1. A continuous process for manufacturing L-ascorbic acid comprising the steps of:
(a) heating an aqueous solution of a starting material comprising 2-keto-L-gulonic acid or a derivative of 2-keto-L-gulonic acid at a temperature of about 120° C. to about 185° C. in a reactor in the presence of at least one sulfite species under conditions such that L-ascorbic acid is generated;
(b) continuously removing from the reactor a post-reaction solution comprising unreacted starting material and L-ascorbic acid;
(c) removing at least a portion of sulfur containing compounds from the post reaction solution;
(d) removing at least a portion of the L-ascorbic acid from the post reaction solution; and
(e) recycling unreacted starting material back to the reactor.
2. The method of claim 1, wherein the sulfite species comprises SO2, HSO3 , S2O3 2−, SO3 2−, S2O4 2−, and S2O5 2−.
3. The method of claim 2, wherein the sulfite species comprises sulfurous acid.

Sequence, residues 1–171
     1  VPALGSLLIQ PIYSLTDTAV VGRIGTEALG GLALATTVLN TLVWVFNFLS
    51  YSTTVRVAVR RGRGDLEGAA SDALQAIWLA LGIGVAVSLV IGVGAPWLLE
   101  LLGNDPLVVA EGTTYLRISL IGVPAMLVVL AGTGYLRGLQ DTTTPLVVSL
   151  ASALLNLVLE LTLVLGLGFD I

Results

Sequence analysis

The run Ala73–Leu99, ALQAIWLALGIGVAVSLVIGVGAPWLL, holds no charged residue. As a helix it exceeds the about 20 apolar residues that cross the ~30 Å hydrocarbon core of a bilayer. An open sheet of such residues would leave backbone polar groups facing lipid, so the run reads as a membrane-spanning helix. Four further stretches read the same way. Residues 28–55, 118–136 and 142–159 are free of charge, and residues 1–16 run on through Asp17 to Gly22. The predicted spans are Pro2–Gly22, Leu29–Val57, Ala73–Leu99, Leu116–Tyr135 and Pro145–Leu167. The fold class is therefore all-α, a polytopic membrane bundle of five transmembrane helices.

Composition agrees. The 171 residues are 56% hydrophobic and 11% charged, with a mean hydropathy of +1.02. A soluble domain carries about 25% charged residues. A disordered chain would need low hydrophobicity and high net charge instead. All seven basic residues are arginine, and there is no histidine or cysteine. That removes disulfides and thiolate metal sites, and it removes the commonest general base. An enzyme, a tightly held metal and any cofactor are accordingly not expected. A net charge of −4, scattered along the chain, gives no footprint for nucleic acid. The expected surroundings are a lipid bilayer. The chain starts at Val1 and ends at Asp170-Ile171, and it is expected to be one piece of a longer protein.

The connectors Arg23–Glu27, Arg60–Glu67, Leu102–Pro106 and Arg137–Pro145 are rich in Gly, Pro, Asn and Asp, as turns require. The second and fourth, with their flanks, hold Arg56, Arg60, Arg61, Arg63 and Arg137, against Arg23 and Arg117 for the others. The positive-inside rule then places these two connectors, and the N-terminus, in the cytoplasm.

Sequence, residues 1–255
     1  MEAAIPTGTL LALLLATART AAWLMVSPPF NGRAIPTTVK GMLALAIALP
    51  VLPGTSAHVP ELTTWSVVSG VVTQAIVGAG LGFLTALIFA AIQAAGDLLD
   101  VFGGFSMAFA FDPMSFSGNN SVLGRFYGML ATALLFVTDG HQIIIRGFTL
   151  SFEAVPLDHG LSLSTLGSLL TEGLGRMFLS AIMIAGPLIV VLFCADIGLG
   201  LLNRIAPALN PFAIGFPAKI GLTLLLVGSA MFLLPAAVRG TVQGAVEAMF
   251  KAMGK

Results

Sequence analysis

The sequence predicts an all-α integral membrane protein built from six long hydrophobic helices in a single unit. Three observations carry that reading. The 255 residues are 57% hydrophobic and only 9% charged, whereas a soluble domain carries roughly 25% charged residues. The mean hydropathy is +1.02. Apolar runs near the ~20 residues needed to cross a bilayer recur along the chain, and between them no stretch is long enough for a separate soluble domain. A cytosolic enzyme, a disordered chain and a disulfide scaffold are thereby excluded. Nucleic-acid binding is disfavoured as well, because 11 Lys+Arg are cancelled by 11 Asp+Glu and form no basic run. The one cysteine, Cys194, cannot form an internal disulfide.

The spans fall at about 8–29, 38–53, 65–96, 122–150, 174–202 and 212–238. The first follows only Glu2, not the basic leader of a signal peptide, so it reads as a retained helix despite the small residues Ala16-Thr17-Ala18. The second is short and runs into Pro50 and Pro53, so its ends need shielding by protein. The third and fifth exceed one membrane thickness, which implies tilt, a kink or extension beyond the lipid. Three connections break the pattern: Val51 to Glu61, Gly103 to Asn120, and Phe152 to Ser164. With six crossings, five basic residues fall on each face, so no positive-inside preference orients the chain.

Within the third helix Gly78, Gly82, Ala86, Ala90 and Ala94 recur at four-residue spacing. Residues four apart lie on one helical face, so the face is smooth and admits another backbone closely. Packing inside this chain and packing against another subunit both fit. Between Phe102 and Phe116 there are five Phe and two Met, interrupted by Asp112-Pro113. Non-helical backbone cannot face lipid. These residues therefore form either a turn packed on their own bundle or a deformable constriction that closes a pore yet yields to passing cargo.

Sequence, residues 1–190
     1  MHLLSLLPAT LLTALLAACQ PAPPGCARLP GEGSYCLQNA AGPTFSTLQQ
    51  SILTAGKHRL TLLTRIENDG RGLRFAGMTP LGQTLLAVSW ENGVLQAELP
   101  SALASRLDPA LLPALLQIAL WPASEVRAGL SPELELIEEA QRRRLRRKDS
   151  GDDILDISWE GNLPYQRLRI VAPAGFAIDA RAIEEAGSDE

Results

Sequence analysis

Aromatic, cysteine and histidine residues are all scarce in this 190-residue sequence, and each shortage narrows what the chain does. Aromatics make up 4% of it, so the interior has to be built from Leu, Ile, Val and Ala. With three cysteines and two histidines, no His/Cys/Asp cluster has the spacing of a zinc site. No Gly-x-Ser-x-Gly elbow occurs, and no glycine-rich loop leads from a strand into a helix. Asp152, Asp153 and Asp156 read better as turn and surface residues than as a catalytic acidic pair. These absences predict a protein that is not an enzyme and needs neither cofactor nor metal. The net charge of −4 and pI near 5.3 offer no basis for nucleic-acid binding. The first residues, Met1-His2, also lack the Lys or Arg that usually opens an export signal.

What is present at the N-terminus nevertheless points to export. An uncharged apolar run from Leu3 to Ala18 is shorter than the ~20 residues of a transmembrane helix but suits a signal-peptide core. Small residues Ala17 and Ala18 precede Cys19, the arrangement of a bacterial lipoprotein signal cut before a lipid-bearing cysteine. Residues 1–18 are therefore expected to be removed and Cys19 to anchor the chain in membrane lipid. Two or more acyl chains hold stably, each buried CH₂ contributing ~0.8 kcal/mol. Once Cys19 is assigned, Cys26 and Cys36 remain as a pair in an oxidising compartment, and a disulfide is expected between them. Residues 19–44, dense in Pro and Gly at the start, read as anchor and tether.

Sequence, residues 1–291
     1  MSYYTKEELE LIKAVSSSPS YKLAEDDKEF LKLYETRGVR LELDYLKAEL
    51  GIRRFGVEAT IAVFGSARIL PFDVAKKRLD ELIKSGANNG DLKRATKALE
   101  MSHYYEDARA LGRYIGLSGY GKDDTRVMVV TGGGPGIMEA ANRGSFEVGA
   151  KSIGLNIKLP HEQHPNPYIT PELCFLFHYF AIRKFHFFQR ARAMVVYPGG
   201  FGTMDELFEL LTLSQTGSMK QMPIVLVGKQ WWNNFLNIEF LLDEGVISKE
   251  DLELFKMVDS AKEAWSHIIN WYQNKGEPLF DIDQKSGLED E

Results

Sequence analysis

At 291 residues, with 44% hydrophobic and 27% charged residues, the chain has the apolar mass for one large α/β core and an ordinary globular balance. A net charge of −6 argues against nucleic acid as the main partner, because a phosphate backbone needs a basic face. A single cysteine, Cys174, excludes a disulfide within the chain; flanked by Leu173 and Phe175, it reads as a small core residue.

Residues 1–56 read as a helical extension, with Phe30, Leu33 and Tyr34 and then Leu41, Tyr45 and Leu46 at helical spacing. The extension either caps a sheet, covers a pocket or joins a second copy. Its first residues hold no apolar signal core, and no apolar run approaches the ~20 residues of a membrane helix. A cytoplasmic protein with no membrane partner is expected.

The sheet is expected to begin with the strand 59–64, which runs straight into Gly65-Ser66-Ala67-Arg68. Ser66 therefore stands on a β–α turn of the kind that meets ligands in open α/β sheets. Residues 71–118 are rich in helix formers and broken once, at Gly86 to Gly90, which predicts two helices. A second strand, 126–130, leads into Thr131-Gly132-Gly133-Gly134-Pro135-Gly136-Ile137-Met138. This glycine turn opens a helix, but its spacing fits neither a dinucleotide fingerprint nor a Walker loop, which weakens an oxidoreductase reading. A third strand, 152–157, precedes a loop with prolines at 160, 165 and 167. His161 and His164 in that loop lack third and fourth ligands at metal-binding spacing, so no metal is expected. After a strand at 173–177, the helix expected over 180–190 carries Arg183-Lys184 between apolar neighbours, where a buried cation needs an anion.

4. The method of claim 1, wherein the sulfite species comprises a catalyst for the conversion of 2-keto-L-gulonic acid to L-ascorbic acid.
5. The method of claim 1, wherein the sulfite is added to a final concentration comprising a range of 0.5% to 50% by moles relative to the 2-keto-L-gulonic acid compound.
6. The method of claim 1, wherein the sulfite is added to a final concentration comprising a range of 1% to 20% by moles relative to the 2-keto-L-gulonic acid compound.
7. The method of claim 1, wherein the starting material comprises an aqueous solution from a fermentation process for producing 2-keto-L-gulonic acid.
8. The method of claim 1, wherein the starting material comprises an aqueous solution of 2-keto-L-gulonic acid derived from the hydrolysis of the bisacetonide of 2-keto-L-gulonic acid or the esters of 2-keto-L-gulonic acid.